- Socially awkward. Some teens have trouble reading social cues and put themselves in awkward situations. Or, the teen may have odd or quirky behaviors that cause classmates to avoid them.
- Learning disability. Teens who are academically challenged may be made fun of and rejected by peers.
- Negative attitude. A teen with a negative attitude is not going to attract friends. Their negative energy puts other kids off.
- Gender identity issues. A teen that is dealing with gender identity may not feel they fit in with either male or female peers.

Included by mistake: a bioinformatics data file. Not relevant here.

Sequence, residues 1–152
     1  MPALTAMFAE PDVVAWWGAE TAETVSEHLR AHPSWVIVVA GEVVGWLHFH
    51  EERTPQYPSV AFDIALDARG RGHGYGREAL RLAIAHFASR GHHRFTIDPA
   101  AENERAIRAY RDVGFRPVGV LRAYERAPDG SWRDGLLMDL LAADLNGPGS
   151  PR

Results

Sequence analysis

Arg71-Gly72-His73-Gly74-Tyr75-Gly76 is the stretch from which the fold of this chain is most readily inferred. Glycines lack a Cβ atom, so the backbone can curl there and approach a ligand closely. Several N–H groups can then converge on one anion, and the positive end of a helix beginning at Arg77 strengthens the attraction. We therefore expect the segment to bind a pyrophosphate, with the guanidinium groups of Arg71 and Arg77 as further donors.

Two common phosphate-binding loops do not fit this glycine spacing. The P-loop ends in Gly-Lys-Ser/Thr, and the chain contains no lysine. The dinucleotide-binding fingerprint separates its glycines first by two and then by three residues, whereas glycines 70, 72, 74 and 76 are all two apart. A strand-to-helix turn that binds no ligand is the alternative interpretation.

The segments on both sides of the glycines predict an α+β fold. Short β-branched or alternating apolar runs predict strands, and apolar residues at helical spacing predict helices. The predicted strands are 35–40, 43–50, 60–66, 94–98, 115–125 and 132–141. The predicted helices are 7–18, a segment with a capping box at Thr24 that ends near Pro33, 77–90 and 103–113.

- Obesity. Overweight teens tend to be bullied or avoided.
6 Ways Teens May React When They Feel Rejected
When an adolescent feels excluded by their peer group it can adversely affect their mental health. All kids want to fit in and feel like they belong. When that isn’t happening, it can result in:
1. Low Self-Esteem. Teens who are bullied or feel rejected by their peers may end up with low self-esteem. They begin to feel unworthy or “less than.” Their demeanor and behaviors will suggest that they have a poor sense of self-worth.
2. Depression. Depression is a mental health disorder that can be quite serious. Teen suicides are on the rise, and being bullied is cited as a common reason for it. The usual symptoms of depression are:
- Feeling sad or hopeless.
- Change in sleeping habits.
- Change in eating habits.
- Loss of interest.
- Slowed thinking.
- Trouble making decisions.
- Feelings of guilt or shame.
- Thoughts of death or suicide.